Chlorine’s importance in water treatment set to grow

Charles Shaw


With global demand for clean water set to grow enormously, chlorine and other types of water treatment will become even more important

AS THE world becomes more populous, water is becoming more scarce. There is strong growth potential for all types of water treatment technologies, but some could do better as countries bid to quench their thirst in a cheap and environmentally friendly way.


 Rex Features

The UN’s estimates (see map below, which shows projected global water withdrawal as a percentage of total water available) are based on its medium-population projections made in 1998. According to these, more than 2.8bn people in 48 countries will face water stress, or scarce conditions, by 2025. Of these, 40 are in West Asia (also known as the Middle East), North Africa or sub-Saharan Africa.

Over the next two decades, population increases and growing demands are projected to push all the West Asian countries into water scarcity conditions.

By 2050, the number of countries facing water stress or scarcity could rise to 54, with a combined population of 4bn – about 40% of the projected global population of 9.4bn. It is striking to note that even some developed nations, such as the US and many European countries will see more serious water scarcity by 2025. This could be one reason that some are already calling water the “new oil.”

In order to arrive at the different qualities of water required for its various applications, and for the world to meet its goals, it must be treated. There are several different ways to do this, which are either combined or taken in isolation, according to each instance. Essentially, the aim is to remove, or in some cases reduce, the contaminants present in the water to bring it to an acceptable level for its required end use.

Chlorine is the first step that springs to mind for water treatment, as it is a well-established, cheap and effective method. As the World Chlorine Council, a global network representing the chlorine and chlorinated products industries says:

“Chlorine is used to destroy disease-causing organisms in water, an essential step in delivering safe drinking water and protecting public health. Chlorine is by far the most commonly used disinfectant in all regions of the world.”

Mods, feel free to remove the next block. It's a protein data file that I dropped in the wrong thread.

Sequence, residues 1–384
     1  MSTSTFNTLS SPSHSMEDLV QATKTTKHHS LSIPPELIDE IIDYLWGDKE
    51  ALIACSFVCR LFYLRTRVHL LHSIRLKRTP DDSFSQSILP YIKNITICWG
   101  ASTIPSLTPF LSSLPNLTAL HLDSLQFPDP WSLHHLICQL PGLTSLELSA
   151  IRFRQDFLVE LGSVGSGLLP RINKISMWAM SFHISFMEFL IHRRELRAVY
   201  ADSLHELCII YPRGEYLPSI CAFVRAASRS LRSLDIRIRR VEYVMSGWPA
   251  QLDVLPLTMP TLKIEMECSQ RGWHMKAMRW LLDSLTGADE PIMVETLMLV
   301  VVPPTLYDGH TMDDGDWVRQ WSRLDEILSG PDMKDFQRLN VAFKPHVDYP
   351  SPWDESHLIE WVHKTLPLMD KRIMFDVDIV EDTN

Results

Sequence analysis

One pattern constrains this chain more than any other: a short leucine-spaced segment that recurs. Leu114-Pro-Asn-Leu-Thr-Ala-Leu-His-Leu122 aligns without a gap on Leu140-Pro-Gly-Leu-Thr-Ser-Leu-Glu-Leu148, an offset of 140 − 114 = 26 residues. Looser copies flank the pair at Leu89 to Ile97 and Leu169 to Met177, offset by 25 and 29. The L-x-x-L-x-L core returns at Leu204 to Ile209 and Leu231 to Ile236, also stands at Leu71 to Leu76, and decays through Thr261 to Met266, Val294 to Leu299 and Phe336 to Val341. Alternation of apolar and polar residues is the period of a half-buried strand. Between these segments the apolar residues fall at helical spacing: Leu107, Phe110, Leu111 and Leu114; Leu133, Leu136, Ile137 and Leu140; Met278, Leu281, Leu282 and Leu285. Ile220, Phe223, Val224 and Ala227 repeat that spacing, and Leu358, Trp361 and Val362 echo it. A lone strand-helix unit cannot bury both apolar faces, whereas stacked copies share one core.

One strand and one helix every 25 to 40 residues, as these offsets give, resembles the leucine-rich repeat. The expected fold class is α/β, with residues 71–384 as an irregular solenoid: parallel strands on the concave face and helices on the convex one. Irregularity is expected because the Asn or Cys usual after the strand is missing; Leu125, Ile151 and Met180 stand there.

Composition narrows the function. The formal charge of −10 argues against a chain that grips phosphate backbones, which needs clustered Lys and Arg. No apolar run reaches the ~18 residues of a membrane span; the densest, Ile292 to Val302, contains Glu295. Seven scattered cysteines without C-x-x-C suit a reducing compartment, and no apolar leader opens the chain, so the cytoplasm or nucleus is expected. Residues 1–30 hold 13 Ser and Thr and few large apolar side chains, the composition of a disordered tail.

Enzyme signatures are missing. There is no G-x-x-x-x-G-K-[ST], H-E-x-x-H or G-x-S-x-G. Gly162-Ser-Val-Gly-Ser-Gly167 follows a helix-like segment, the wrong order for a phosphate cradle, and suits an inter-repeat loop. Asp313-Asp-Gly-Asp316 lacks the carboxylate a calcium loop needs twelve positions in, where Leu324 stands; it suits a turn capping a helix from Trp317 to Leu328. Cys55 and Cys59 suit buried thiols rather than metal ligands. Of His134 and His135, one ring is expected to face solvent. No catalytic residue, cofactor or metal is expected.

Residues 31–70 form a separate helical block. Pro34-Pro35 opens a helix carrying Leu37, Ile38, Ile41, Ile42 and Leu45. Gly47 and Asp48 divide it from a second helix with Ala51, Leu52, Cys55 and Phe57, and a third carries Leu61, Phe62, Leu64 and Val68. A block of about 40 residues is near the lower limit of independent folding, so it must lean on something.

Chlorine’s use has seen it help to virtually eliminate waterborne diseases, such as cholera, typhoid and dysentery in developed countries. It also eliminates slime bacteria, molds and algae that commonly grow in water supply areas, on the walls of water mains and in storage tanks. Chlorine is a versatile and low-cost disinfectant appropriate for any size of water system.

Specially packaged chlorine bleach can disinfect household water for less than $4/year (€3.20/year) per family. In addition, chlorine is critically needed for emergency relief efforts. In responding to the 2004 tsunami disaster in South Asia, the World Health Organisation reported:

“Chlorine quantities used for drinking water treatment have been decreasing”
Veronique Garny, regulatory affairs director, Euro Chlor 

“Chlorine is most widely and easily used, and the most affordable of the drinking water disinfectants. It is also highly effective against nearly all waterborne pathogens.”

However, water treatment represents only a tiny proportion of global chlorine demand.

“Our data indicate that a maximum 5% of chlorine is used for water treatment, including drinking water,” says Veronique Garny, regulatory affairs director at European trade group Euro Chlor.

Bob Beaumont, managing director of Biachem, a distributor of specialty chemicals based in London, gives a similar figure.

“As far as chlorine is concerned, I have seen a figure of 6% of chlorine production used in water treatment, which could include adding it directly to drinking water or for sanitation uses as sodium hypochlorite or addition to swimming pools,” he says.

Garny also clarifies that, despite growing demand for clean water, it is unlikely that much more than this percentage of chlorine will be used to treat water. This is because growth projections for other applications of chlorine are also strong.

“Growing needs were never analyzed [in our data]. I suspect this would, anyway, still represent a small fraction of the total used. Other needs are growing as well and so we don’t expect a very different figure in the coming years,” she says.

While chlorine growth projections are strong, Euro Chlor notes that there is less demand for it in drinking water.

“Chlorine treatment is more and more used as a final treatment after filtration, ozonation and flocculation. In other words, the chlorine quantities used for drinking water treatment have been decreasing [at least in Europe] for the same treated water volumes.”